Distracted driving can take many different forms. It is most commonly associated with texting and driving, but that is far from the only issue that drivers face.
To help shed some light on how problematic this is, the Centers for Disease Control and Prevention have identified three specific areas of distraction. All of these can lead to an accident on their own, and they are especially dangerous when numerous types of distractions happen at the same time.
Visual distractions mean that a driver is not looking at the road ahead of the car. An example of this could be something as simple as looking down at the screen on the GPS unit while driving.
Manual distractions mean that the driver has let go of the steering wheel with one or both hands. A common manual distraction for parents is when a child drops something and asks them to reach back and pick it up. Holding a cellphone is also a very common manual distraction.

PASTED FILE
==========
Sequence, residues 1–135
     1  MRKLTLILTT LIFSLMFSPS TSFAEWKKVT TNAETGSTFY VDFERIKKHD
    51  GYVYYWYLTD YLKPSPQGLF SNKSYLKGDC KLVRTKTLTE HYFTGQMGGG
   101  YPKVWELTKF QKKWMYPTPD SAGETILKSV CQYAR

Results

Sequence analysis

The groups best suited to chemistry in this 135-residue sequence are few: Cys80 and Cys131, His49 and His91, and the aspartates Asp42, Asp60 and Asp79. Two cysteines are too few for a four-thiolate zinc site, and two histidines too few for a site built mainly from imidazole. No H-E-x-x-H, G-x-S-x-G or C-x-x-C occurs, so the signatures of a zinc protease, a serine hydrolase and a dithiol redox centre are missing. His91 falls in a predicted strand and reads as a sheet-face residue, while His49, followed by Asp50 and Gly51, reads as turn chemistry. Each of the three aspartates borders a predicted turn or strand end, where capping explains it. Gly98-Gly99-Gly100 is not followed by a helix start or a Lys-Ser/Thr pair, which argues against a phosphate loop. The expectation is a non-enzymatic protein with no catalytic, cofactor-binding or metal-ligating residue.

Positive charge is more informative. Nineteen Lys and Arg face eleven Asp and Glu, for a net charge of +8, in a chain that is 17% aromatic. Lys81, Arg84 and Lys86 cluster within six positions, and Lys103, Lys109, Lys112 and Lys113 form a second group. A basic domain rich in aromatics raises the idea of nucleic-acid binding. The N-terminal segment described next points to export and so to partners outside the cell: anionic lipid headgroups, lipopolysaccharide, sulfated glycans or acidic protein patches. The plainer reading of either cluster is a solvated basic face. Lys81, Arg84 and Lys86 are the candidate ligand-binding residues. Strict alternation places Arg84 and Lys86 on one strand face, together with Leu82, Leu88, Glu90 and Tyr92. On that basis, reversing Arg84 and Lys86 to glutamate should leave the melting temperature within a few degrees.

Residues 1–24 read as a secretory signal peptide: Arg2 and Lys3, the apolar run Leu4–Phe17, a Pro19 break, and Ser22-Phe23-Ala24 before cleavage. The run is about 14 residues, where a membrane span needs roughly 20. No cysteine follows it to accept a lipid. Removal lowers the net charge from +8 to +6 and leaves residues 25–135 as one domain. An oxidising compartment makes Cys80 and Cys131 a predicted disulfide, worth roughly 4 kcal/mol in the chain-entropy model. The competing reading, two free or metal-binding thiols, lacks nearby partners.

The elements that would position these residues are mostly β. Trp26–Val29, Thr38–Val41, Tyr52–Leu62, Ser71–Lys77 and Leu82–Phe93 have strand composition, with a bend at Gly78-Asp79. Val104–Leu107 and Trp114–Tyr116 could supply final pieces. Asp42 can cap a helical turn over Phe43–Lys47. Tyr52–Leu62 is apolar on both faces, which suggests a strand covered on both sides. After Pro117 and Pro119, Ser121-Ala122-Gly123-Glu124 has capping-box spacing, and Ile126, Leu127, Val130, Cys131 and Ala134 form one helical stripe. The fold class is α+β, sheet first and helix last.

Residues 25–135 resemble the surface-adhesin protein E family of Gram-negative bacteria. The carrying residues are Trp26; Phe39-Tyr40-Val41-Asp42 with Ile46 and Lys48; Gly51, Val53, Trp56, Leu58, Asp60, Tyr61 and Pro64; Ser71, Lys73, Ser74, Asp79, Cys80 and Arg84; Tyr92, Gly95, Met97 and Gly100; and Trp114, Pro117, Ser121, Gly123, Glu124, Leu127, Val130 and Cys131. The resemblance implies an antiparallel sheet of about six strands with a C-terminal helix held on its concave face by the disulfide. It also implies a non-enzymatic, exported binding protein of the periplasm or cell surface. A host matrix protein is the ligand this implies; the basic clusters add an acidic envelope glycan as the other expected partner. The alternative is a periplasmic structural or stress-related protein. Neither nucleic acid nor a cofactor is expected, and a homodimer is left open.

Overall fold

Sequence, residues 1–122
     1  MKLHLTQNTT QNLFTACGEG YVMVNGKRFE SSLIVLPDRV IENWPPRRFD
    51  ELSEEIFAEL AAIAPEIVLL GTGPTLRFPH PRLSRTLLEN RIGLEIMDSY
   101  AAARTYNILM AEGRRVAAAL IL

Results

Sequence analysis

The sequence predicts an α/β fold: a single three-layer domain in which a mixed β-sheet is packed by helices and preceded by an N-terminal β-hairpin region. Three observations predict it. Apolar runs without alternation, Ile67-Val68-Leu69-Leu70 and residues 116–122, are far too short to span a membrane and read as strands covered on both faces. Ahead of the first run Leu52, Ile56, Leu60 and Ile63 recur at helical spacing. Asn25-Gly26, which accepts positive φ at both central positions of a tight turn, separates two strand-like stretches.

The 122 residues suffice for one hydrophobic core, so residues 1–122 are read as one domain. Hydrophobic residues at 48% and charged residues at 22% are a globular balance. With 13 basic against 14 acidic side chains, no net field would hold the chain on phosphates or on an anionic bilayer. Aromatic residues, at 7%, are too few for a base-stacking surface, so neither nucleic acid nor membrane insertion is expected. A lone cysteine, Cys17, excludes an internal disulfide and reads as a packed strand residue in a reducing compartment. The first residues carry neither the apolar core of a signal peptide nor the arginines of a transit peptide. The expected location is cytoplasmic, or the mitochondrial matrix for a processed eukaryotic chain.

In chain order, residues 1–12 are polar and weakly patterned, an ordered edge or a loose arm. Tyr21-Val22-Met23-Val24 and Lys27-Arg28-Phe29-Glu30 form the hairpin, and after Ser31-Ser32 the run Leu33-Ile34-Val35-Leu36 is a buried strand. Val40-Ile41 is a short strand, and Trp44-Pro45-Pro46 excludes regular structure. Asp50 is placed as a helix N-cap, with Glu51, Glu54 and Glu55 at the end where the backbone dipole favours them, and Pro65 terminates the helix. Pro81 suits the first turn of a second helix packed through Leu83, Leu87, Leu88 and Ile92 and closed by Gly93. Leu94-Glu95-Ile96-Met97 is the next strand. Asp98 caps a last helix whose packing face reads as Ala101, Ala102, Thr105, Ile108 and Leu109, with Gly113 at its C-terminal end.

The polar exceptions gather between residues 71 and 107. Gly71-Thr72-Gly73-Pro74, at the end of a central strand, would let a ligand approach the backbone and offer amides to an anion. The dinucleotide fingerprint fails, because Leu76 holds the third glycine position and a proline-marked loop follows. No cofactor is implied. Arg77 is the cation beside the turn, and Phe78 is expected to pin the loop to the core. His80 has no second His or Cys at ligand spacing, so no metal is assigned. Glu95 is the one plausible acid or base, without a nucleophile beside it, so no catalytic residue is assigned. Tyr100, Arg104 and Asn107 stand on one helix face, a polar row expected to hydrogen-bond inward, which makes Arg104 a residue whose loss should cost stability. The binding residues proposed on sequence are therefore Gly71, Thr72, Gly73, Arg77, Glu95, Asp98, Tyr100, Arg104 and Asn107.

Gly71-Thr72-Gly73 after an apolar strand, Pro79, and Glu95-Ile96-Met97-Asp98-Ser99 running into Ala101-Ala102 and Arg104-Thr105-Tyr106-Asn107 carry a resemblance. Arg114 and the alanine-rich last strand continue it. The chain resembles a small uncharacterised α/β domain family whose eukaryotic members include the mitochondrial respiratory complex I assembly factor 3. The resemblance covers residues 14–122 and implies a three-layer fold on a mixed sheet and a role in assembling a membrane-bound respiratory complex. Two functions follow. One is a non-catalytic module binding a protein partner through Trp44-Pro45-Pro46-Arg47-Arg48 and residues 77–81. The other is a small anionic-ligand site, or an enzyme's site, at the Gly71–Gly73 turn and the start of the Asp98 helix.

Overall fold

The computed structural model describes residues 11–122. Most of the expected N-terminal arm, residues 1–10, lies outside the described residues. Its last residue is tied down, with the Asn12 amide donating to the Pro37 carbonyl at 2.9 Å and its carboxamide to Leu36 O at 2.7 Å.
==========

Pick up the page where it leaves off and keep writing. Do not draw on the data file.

Your brain can also be significantly distracted from the task of driving, even when you are technically still looking at the road and holding the steering wheel. People often face cognitive distractions while listening to audiobooks, listening to music or even just talking with passengers in the car.
Texting and driving can lead to all three of these distractions at the same time, which is part of why it’s so dangerous. Those who have been injured by distracted drivers must know about all the legal options they have to seek compensation for medical bills and other costs.